It may be easier to develop scalable quantum computers and a “quantum internet” using silicon using existing technologies, thanks to a new study researchers at Simon Fraser University. a major breakthrough in quantum technology development, researchers describe their observations of silicon “T-centred” photonic spin qubits. According to the study, the research could help pave the way for the creation of massively scalable quantum computers as well as the infrastructure for the quantum internet.

Earlier, research showed that silicon could be used for some of the most and longest-lived qubits manufacturing. Unlike conventional computers, quantum computers use qubits to run multidimensional quantum algorithms. In addition, the development of quantum computers will also require communication technologies to help link qubits together on a larger scale.

The study, published the journal Nature, describes how T centers, a specific type of light-emitting defect in silicon, provide photonic links between qubits. “This work is the first a single T center has been measured individually, and indeed, the first time any single spin silicon has been measured optical measurements alone,” said Stephanie Simmons, Canada Research Chair Silicon Quantum Technologies.

Emitters like the T center, which combine high-performance spin qubits with photon generation, could facilitate the production of scalable and distributed quantum computers, Simmons explained. Simmons added that they can handle processing and communication simultaneously without the need for two different quantum technologies.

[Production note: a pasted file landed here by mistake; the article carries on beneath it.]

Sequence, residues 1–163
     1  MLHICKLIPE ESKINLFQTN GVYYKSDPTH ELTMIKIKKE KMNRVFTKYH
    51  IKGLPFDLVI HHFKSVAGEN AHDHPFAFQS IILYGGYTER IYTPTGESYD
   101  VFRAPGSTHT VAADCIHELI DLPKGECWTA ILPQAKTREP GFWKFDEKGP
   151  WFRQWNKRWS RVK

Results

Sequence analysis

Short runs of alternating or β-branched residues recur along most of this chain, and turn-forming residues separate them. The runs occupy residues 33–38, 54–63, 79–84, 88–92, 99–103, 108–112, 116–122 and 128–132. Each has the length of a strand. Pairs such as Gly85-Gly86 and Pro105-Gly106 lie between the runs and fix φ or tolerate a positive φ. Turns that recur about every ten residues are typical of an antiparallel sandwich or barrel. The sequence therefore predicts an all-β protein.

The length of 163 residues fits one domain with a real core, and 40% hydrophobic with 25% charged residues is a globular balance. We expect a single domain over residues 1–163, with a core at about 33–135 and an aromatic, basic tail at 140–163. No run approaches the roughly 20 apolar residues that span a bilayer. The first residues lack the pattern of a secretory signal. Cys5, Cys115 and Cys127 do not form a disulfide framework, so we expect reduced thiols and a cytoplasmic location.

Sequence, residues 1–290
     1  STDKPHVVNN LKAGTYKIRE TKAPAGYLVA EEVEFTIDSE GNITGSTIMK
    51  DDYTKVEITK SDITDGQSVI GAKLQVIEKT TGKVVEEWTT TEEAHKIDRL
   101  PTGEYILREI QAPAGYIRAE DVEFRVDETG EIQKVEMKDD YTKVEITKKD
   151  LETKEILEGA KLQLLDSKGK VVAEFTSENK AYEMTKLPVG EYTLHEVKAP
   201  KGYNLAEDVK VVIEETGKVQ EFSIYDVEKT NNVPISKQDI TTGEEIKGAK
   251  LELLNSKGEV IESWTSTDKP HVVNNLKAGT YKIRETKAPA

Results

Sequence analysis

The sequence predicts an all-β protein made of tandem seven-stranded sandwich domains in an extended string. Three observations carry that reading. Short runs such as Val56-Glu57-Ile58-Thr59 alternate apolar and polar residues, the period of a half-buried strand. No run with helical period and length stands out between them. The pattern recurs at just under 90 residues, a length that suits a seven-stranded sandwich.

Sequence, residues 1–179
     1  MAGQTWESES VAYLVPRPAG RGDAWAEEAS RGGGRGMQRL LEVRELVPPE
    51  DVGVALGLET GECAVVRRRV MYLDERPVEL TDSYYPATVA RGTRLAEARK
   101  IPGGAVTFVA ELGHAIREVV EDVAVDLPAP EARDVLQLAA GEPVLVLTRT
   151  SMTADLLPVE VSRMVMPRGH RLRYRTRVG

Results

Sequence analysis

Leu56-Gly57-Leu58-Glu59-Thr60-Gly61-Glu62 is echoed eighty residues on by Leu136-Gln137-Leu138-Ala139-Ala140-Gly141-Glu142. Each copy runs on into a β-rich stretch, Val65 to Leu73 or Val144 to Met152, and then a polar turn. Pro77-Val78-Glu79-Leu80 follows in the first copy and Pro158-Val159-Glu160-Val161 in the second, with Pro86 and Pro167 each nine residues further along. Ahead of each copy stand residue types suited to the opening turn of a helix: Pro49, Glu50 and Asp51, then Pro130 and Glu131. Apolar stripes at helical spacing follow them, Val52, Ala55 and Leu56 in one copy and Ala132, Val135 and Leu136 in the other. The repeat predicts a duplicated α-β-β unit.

T-centers can come in handy because they emit light at wavelengths currently used in metro fiber optic communications and telecom network equipment. “With T-centers, you can build quantum processors that communicate inherently with other processors. When your silicon qubits can communicate emitting photons in the same wavelength bands used in data centers and fiber optic networks, you get connected quantum computing the same benefits of the millions of qubits required,” Simmons emphasized.

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The researchers believe that touting a method of using silicon to create quantum computing processors would allow them to leverage existing knowledge and infrastructure, rather than developing a new industry for quantum manufacturing.